A Prayer For National Healing

By Mark Hagen

“A house divided against itself cannot stand.”

I’ve been thinking of this quote by President Abraham Lincoln often this past year. We are one week removed from one of our nation’s most acrimonious and divisive elections. Pundits and “experts” are taking credit, assigning blame, and assessing what went wrong or what went right – dependent, of course, on one’s political leanings.

I happened to be in Washington, D.C. on Election Day.

It was refreshingly quiet and peaceful as most politicians were in their home state campaigning for those last undecided. Like many, I found myself totally fed-up with the bombastic rants from both sides of the political spectrum and frustrated by the lack of real dialogue on critical issues facing our nation.

My normal stress-reliever is to run. So I took a relaxing evening run along the national mall. I couldn’t help but reflect on the current state of our country as I passed the Washington Monument. I thought of the leadership General Washington exhibited in keeping a not yet formed nation together through a brutal revolution. As I passed the WWII Memorial I thought about the hardship faced by allied soldiers as they fought to rid the world of one of it’s greatest horrors including the “mercy deaths” of more than 275,000 people with disabilities at the hands of the Nazis.

As I passed by the Lincoln Memorial I thought of the ugly divisiveness of current US society that pales in comparison to the divided country Abraham Lincoln lead through our nation’s greatest (and real) crisis.

I was struck but the desperation and hopelessness of the great depression captured through sculptures at the Franklin Delano Roosevelt Memorial when no safety net existed for people with disabilities…or anyone else for that matter.

As I often do, I commiserated with Rev. Chuck Werth, a friend and Bethesda’s Vice President of Religious Life and Church Relations, who shared many of my frustrations with the intolerance and vitriol of the just concluded electoral season.

He shared with me the following prayer:

“Rid us, O Lord, of the arrogant delusions, which we hold regarding the times in which we live. We presume that our era is harder to live in and harder to live through than any previous time in our nation’s history. With a certain false pride, we suggest that we are being tried and tested more than any previous generation. Excuses abound for our neurotic screaming, our pitiful muddling, our eroded standards, our sentimental slobbering, and our pinching terror over the future. We confess that these arrogant delusions have caused a terrible division in our nation; two pitched camps each claiming to be protectors of the national heritage, when in fact, both have abandoned the fundamentals of your truth. Teach us, O Lord by your sane and steadying Word that we stand before you as we always have stood, living by your grace, striving to achieve that which is just and righteous in your eyes. Nothing in our present age has altered the great plain, steady fact that you are God and have not forsaken us, nor forgotten us. Confident in that truth, draw us together as a nation to work for the common good, standing shoulder-to-shoulder. Amen”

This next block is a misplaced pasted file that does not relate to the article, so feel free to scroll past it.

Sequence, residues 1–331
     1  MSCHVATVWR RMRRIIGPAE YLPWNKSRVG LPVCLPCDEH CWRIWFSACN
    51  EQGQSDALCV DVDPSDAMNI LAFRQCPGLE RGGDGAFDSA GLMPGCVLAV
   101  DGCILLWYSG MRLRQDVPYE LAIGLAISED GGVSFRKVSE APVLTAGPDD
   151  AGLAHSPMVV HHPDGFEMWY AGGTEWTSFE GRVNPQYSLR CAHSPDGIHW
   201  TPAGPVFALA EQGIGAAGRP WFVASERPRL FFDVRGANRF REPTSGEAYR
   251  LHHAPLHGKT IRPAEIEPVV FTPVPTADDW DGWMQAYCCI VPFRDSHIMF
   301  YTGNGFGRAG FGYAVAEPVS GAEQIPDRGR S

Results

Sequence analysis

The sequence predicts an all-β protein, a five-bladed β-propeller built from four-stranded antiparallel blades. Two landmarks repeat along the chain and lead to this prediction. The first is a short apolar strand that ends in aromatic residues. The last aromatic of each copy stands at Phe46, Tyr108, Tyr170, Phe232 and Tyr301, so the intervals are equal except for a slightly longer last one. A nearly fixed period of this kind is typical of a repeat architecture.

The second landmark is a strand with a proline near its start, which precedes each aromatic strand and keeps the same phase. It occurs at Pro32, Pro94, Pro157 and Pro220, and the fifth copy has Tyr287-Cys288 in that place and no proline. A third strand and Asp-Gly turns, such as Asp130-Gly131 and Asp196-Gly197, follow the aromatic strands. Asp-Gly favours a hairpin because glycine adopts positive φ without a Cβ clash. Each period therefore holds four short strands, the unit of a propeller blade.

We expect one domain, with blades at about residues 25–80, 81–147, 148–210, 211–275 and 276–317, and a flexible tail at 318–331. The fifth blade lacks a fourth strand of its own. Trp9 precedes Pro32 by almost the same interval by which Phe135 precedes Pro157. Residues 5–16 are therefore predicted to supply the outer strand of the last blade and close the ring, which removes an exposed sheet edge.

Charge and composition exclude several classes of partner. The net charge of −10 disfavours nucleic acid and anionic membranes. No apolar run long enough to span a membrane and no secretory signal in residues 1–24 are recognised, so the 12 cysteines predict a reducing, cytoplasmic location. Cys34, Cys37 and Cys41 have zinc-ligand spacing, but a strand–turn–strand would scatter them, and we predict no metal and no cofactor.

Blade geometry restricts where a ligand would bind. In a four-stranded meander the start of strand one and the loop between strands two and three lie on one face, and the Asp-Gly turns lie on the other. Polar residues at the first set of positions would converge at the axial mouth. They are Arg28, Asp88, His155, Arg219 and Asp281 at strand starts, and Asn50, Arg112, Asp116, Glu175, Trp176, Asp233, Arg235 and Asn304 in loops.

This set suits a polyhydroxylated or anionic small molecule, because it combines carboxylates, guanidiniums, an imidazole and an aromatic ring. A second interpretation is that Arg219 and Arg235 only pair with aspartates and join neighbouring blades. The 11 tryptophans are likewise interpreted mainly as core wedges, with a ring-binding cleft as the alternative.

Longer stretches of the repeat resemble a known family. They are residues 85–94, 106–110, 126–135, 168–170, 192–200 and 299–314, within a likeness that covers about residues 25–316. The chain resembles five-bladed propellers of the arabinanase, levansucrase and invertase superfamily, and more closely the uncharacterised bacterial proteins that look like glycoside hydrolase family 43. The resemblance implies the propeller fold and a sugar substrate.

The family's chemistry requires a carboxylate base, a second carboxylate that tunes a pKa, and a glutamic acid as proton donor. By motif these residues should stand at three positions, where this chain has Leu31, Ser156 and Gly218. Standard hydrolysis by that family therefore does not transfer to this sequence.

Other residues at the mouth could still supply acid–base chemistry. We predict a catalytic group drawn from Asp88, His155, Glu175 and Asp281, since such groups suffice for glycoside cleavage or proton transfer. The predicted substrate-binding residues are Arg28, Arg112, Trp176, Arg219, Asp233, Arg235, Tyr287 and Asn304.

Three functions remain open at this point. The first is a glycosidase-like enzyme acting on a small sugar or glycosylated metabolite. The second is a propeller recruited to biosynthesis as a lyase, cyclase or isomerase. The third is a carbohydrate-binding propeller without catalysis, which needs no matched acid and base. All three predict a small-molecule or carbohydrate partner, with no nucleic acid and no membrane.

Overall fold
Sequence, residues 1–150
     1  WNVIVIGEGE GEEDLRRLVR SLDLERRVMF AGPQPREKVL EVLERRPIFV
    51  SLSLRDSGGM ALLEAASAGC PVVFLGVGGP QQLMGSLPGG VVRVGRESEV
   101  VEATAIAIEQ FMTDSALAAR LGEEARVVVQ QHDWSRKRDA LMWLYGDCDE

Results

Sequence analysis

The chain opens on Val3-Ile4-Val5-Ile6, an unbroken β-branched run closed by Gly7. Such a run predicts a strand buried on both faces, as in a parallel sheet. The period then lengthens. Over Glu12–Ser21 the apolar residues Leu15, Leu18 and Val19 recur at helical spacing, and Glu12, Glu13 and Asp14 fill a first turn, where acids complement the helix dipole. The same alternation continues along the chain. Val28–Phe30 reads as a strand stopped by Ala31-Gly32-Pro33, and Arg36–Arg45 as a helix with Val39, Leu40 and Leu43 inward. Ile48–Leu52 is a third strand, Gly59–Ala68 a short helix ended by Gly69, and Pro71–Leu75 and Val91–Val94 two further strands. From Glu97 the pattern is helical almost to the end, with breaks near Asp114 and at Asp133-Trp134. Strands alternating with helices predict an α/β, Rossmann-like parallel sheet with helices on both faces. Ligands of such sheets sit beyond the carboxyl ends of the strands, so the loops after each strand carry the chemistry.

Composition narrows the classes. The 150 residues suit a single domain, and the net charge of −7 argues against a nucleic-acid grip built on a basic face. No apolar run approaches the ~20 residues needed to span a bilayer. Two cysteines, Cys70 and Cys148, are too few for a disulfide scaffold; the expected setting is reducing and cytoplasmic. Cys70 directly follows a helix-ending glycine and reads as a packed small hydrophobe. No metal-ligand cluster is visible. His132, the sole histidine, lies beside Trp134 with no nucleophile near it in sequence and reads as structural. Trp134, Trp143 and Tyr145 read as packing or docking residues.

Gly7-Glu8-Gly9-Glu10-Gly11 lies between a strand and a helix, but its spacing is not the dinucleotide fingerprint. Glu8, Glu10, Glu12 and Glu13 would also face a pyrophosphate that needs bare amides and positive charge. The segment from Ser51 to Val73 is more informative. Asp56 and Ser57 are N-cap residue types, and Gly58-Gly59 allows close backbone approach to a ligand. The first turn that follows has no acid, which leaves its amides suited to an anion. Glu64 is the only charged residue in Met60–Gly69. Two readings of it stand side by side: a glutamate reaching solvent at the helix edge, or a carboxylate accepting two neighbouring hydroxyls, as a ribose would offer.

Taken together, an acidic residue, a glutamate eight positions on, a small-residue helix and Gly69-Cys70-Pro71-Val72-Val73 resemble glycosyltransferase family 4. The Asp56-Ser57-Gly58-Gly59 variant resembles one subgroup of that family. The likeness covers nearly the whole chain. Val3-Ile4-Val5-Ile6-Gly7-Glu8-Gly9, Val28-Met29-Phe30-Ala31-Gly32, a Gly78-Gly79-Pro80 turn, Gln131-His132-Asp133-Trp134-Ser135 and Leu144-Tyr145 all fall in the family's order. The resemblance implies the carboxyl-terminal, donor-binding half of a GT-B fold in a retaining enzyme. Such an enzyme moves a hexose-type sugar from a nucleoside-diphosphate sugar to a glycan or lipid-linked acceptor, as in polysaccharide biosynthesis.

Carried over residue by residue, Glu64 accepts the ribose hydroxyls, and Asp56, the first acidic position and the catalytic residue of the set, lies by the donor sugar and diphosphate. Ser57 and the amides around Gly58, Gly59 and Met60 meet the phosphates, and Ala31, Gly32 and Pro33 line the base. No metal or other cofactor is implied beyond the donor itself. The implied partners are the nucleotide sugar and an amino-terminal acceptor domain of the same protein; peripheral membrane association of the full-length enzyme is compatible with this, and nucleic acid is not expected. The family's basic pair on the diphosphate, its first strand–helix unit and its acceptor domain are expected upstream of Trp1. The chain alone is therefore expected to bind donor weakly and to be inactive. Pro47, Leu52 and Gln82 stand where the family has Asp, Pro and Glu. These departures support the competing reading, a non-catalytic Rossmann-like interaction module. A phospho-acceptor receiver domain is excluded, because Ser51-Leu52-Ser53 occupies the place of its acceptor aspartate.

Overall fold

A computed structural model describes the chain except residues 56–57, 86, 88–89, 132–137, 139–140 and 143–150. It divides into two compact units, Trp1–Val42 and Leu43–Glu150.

Now that the election is over, I pray that we can come together as a country and work to restore the greatness of the United States.

We can and must identify goals we can all agree on and compromise to make certain they happen.

We need to work together to create a Medicaid funding system for people with intellectual and developmental disabilities (ID/DD) that encourages true community integration and reduces waiting lists for people who desperately need support.

We must acknowledge and embrace the dignity of work for all people, including those with ID/DD, and work for increased employment opportunities in the community.

We must destroy barriers to employment by people with disabilities and pass legislation such as the Achieving Better Life Experiences Act, that encourages savings to be used for disability-related supports resulting in real consumer-directed services.

We should insist that all countries of the world embrace the inherent rights of people with disabilities through ratification of the United Nations Convention on the Rights of Persons with Disabilities.

We will never all agree on every issue facing the United States.

However, we need to engage in real and respectful dialogue to begin to address issues that can no longer be ignored like the federal budget deficit, unsustainable spending on entitlement programs, and high unemployment rates.  It’s time to act together to restore our nation’s greatness.  I pray that happens now.

2 Responses

  1. Thank you for your thoughtful and timely post. In addition to the disharmony in our broader society, I feel that we have overtly carried our political divisiveness into the workplace. Excessive political commentary in the workplace leads to suppresion of open, honest, and respectful discourse around issues that ultimately impact those we serve.

  2. Beautifully written. I would take issue only with the penultimate line, “restore our nation’s greatness”, and suggest that our nation has been great all along. Perhaps that which is in need of restoring is the bright reflection of that greatness in the hearts, minds and respectful behavior of its citizens.

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